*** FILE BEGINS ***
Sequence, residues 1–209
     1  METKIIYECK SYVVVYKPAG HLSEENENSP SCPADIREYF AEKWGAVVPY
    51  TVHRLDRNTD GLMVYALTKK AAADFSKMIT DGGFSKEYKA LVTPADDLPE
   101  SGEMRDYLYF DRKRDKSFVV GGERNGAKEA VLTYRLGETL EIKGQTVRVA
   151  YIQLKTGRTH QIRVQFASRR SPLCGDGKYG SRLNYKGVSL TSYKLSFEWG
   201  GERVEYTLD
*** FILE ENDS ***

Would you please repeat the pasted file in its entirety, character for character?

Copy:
Sequence, residues 1–209
     1  METKIIYECK SYVVVYKPAG HLSEENENSP SCPADIREYF AEKWGAVVPY
    51  TVHRLDRNTD GLMVYALTKK AAADFSKMIT DGGFSKEYKA LVTPADDLPE
   101  SGEMRDYLYF DRKRDKSFVV GGERNGAKEA VLTYRLGETL EIKGQTVRVA
   151  YIQLKTGRTH QIRVQFASRR SPLCGDGKYG SRLNYKGVSL TSYKLSFEWG
   201  GERVEYTLD